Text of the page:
PEP panic in Wash. Sq.; dog owners bare fangs

By Alex Schmidt

As she does most days, on the afternoon of March 8 Pat McKee took her dog to the Washington Square Park large dog run, of which she is the manager. It was one of the first warm days of the year, but when she tried to fill the dog’s bowl up with water, she found the water hose was turned off. So McKee walked into the women’s restroom to fill the bowl up in the sink.

According to McKee, within seconds of her entering the bathroom, two Park Enforcement Patrol officers, Martin Hightower and William White, followed her in and yelled, “What’s going on in here?” The only two people in the restroom were McKee and a woman in a stall. The officers told McKee she could not rinse a dog’s water bowl in the bathroom sink, and she and the officers argued until finally the woman in the stall piped up, “What are men doing in this bathroom? I would like privacy.” The officers left.

This incident is one example of many altercations with the two PEP officers, particularly Officer Hightower, reported by visitors to Washington Square Park. According to Ashe Reardon, a Parks Department spokesperson, PEP officers are responsible for enforcing quality of life measures in parks, which can include issuing summonses to people violating park curfews, littering, walking their dogs off leash and riding bikes — or as Reardon explained, targeting “general issues to improve the experience of [park] visitors.”

As for McKee’s case, Reardon confirmed that there is nothing in the law that prohibits using a restroom sink to fill a dog bowl. However, other park visitors have complained that even in cases when the officers apply the law correctly, they have been overzealous and abusive.

Marjorie Reitman, a regular at the dog run, recounted an incident she witnessed when a longtime acquaintance of hers was walking her dog in the park in the snow. The dog began urinating in the snow, and Officer Hightower approached the woman, saying that he was going to write her a summons for allowing her dog to urinate on the grass that was apparently beneath the snow, and asked her for identification. The woman said she did not have identification with her, since she had just left her apartment to pick up her mail and walk her dog. Reitman says that when the woman held up her mail to show Hightower, he grabbed it out of her hand and asked her to follow him to the police surveillance-camera trailer on Washington Square South. There, he wrote her a summons.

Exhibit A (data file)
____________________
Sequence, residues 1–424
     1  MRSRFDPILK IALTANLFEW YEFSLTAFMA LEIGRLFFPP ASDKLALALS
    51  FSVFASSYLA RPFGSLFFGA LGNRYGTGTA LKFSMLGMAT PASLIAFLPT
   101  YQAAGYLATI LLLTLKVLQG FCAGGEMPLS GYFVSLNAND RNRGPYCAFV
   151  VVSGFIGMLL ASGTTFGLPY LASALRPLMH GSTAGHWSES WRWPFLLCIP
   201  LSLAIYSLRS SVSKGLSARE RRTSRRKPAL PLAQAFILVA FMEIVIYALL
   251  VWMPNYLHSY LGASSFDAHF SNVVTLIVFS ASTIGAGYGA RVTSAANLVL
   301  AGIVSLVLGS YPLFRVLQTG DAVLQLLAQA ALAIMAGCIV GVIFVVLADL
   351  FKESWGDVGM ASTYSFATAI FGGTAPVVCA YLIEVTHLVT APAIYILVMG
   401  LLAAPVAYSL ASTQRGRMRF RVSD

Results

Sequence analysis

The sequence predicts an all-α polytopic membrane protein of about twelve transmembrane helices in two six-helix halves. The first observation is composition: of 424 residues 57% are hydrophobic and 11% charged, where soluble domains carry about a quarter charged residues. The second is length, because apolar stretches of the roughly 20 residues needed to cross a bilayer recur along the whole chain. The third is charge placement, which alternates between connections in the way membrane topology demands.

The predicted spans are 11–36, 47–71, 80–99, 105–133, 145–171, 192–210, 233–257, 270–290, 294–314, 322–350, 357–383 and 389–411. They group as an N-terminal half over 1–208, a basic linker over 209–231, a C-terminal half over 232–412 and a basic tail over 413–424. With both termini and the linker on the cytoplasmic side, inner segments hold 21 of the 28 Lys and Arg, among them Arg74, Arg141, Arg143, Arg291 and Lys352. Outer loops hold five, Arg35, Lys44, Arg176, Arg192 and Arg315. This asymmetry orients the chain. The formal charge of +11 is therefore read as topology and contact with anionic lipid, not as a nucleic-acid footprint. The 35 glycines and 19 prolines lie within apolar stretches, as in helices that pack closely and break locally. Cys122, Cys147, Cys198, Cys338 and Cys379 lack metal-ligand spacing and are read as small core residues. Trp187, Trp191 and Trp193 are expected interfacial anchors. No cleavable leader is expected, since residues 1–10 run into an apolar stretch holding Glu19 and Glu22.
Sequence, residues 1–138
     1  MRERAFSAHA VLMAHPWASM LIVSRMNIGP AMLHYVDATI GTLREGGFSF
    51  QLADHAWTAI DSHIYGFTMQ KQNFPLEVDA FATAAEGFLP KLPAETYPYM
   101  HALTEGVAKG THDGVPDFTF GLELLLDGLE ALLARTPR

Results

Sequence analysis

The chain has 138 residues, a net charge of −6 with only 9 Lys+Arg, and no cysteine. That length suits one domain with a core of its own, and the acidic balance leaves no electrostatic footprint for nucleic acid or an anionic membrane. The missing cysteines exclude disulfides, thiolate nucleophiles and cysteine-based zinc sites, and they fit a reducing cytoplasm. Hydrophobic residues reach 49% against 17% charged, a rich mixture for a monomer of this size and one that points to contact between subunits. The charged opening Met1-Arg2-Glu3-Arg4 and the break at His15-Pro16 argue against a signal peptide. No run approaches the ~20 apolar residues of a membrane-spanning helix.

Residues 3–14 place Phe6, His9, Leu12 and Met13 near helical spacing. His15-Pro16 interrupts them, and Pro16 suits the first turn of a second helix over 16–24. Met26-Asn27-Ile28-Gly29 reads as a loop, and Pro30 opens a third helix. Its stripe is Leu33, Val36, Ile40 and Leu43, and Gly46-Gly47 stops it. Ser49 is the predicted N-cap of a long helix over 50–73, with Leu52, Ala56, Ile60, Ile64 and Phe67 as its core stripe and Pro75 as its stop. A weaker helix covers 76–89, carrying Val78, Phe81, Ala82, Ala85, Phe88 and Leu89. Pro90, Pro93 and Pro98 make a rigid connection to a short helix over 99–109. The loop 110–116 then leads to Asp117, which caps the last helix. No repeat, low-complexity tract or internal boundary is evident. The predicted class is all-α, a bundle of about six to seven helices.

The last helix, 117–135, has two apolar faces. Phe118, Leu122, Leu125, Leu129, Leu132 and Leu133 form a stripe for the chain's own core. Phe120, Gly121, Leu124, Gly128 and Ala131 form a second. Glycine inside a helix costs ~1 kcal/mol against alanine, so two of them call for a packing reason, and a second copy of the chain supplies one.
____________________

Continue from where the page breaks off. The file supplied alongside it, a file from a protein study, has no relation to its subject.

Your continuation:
Later that day, Reitman and McKee spoke to the officers’ superior, Sergeant Addison. Although Addison was standoffish and officious at first, he reached a conciliatory tone with the women, explaining that the officers were new recruits and did not know that they were supposed to cut park users a little slack. He said he would talk to them. The two officers were absent from the park last week, and although Parks spokesperson Reardon said the department is discussing specific incidents with the officers, Parks would not confirm whether the two were receiving additional sensitivity training or being reprimanded. Reardon emphasized that Parks is “reviewing the deployment of these two PEP officers to ensure that incidents like these do not occur in the future.”

Apart from dog owners, the PEP officers have been targeting bike riders as well as artists and musicians. A few weeks ago, a juggler was written a summons and kicked out of the park for performing without a permit and has not been back to the park since. Reardon explained that the logic behind requiring performers to have permits is that they attract crowds and that space in parks must be managed properly.

But Reitman sees it as a senseless crackdown.

“They’re trying to keep people from doing what Washington Square Park is known for — you know, the creative types,” she says. “They’re just taking away the whole personality of the park and they’re being very nasty about it.”

Cliff Tekel, another Washington Square Park regular, agrees.

“I’ve been in the park since the ’60s and I’ve never seen anything like that,” he said of the PEP crackdown.

At issue is the question of the city’s priorities in deploying PEP officers who are doing aggressive enforcement in a park where bathrooms are dirty and where drug dealers freely operate. The women’s restroom was strewn with toilet paper on Tuesday, toilets were dirty and every day men sit between the two dog runs whispering furtively to passersby, “Buds? You smoke?”

While PEP officers are not park maintenance or the police, daily park users like McKee have inevitably found themselves asking the question, “Why is a person like me being targeted, harassed and made to feel a criminal when there is real crime going on in this park?”